To help bolster employment in rural India, the Tamil Nadu government has developed the Rural Business Process Outsourcing Policy for 2010. The policy offers “capital and training subsidies” to establish BPO units in villages across the state.
CHENNAI: With a view to generating employment opportunities in rural areas, the Tamil Nadu government has unveiled Rural Business Process Outsourcing (BPO) Policy 2010′ providing capital and training subsidies to BPO units setting shop in village panchayats.
According to a government order, the information technology department will play the role of a facilitator in receiving queiries from the BPO industry and vice versa and will help to find interested institutions — both educational and other sectors — who will want to partner with BPO units.
The institutions would assist in providing infrastructure such as floor space, power, connectivity for the functioning of BPO units and the business arrangement between the industry and infrastructure provider would be negotiated mutually by both parties.
Also, a subsidy of 15% would be provided on capital investments such as cost of hardware and equipment, subject to a maximum of Rs 3 lakh, to any rural BPO unit that had been functioning for a minimum period of 3 years and directly employing a minimum of 100 trained people. The subsidy would be disbursed in three equal instalments at the end of each year.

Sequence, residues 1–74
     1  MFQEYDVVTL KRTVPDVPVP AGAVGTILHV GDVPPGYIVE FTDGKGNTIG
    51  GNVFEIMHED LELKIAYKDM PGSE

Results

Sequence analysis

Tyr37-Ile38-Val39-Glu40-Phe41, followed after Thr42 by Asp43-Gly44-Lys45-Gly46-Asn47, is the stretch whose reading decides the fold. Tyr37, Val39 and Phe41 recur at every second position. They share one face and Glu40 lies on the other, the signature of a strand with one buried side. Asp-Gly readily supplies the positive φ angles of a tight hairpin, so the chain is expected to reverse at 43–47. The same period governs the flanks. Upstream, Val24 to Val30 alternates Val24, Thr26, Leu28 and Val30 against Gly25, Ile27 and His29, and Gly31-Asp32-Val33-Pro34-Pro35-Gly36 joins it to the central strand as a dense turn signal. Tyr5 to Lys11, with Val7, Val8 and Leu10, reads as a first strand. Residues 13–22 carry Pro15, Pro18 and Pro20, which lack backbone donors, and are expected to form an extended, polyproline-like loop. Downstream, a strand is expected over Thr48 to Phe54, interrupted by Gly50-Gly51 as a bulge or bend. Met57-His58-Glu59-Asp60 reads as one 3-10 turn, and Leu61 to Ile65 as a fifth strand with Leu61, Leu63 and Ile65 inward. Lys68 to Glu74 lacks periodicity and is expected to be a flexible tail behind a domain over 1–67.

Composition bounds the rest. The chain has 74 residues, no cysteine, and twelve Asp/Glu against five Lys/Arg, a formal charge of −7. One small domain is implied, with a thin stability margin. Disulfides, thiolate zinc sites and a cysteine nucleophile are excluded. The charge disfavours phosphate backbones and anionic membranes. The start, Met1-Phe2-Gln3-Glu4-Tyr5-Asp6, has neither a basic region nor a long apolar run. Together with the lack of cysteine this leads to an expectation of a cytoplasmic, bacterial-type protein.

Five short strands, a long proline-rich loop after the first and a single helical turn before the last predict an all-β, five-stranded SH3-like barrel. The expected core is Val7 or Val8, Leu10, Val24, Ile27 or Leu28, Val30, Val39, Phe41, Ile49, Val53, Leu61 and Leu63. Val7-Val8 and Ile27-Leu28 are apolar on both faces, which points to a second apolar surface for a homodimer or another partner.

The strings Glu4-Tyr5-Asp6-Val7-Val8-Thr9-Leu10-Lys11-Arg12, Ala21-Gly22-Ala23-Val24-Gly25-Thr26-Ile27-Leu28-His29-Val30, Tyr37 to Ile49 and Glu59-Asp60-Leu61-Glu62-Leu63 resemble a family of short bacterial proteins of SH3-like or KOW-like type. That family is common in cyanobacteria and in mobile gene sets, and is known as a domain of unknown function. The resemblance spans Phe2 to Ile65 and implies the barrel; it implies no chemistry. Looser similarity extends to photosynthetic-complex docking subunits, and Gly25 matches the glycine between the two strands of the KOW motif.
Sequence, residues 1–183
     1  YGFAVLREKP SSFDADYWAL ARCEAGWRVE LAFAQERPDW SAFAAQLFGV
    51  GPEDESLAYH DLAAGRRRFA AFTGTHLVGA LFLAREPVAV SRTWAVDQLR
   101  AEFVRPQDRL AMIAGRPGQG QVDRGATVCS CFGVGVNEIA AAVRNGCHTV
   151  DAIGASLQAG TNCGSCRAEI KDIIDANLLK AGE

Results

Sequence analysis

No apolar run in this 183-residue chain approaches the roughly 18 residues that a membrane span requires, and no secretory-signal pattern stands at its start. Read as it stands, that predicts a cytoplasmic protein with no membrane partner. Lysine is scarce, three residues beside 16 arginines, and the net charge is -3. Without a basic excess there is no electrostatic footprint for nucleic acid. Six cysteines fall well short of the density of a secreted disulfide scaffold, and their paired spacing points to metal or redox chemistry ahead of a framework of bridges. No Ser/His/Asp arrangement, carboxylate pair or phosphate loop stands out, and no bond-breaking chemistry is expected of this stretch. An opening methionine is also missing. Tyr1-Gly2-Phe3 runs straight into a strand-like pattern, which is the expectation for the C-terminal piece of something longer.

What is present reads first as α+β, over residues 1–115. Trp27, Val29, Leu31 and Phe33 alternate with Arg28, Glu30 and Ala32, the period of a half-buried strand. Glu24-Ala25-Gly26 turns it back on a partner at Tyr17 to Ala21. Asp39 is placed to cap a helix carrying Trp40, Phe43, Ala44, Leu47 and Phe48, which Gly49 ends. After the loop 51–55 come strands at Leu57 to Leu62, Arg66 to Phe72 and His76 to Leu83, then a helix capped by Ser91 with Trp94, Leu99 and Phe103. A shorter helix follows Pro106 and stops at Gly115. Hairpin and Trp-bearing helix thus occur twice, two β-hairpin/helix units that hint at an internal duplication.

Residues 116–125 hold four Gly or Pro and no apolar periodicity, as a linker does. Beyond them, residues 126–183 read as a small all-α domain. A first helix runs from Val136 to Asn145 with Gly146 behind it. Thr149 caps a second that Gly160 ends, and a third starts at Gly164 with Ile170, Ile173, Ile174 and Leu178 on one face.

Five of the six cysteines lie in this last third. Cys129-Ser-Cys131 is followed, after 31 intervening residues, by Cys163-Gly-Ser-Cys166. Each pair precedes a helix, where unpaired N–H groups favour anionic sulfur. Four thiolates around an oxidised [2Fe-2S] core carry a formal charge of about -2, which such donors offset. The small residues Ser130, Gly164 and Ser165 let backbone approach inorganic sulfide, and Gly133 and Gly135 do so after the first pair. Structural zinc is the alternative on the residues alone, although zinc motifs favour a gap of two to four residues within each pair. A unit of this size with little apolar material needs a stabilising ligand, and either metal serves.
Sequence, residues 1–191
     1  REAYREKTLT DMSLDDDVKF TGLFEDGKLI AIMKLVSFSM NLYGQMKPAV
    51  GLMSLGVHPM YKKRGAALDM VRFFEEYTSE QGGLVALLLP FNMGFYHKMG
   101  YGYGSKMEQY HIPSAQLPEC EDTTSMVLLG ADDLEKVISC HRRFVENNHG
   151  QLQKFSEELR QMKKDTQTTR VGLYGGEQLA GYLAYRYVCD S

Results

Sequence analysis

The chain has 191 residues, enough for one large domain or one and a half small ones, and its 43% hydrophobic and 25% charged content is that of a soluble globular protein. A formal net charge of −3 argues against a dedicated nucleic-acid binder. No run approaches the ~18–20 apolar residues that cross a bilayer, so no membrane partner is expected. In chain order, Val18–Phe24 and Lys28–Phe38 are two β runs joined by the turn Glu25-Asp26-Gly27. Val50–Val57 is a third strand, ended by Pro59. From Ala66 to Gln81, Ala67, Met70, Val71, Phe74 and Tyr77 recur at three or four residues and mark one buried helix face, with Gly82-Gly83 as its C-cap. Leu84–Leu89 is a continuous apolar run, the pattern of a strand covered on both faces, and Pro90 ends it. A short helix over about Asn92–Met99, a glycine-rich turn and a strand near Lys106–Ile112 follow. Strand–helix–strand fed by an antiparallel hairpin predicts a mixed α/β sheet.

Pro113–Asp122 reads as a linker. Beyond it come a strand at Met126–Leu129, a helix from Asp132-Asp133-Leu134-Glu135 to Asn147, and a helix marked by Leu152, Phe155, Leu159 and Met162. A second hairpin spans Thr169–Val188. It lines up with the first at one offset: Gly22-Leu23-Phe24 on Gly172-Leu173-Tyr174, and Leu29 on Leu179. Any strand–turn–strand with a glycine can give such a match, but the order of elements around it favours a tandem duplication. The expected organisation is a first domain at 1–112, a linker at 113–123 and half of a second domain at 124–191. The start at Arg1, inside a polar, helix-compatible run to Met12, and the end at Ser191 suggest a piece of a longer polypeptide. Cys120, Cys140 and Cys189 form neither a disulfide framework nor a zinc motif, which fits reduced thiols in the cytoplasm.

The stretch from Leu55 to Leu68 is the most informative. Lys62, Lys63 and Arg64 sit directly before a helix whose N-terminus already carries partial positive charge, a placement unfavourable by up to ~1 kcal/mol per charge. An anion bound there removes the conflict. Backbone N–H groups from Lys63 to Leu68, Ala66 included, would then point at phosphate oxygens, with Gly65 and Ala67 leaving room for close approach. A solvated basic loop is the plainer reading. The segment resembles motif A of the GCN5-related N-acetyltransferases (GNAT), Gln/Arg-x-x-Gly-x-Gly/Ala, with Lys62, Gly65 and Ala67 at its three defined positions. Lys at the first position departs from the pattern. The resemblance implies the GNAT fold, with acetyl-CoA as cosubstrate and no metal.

Besides, financial assistance would be extended to support new BPO units in training employees. A sum of Rs 1,500 per month per person would be provided as training subsidy for three months. Thus, a unit engaging 100 people would have a benefit of Rs 4.5 lakh as training subsidy.
For the disbursement of the capital and training subsidies, ELCOT will be the nodal agency and it will determine the eligibility claim of a BPO based on the above criteria.
As the presence of BPO industry was limited to Chennai, its surrounding areas and a few select urban locations such as Madurai and Coimbatore, there was a need for specific policy initiatives to attract the industry to venture into rural areas, officials said.
Educational institutions in particular would benefit with such arrangements as the industry and academic interaction will help both the faculty and students in providing exposure and experience both for entrepreneurship and future careers.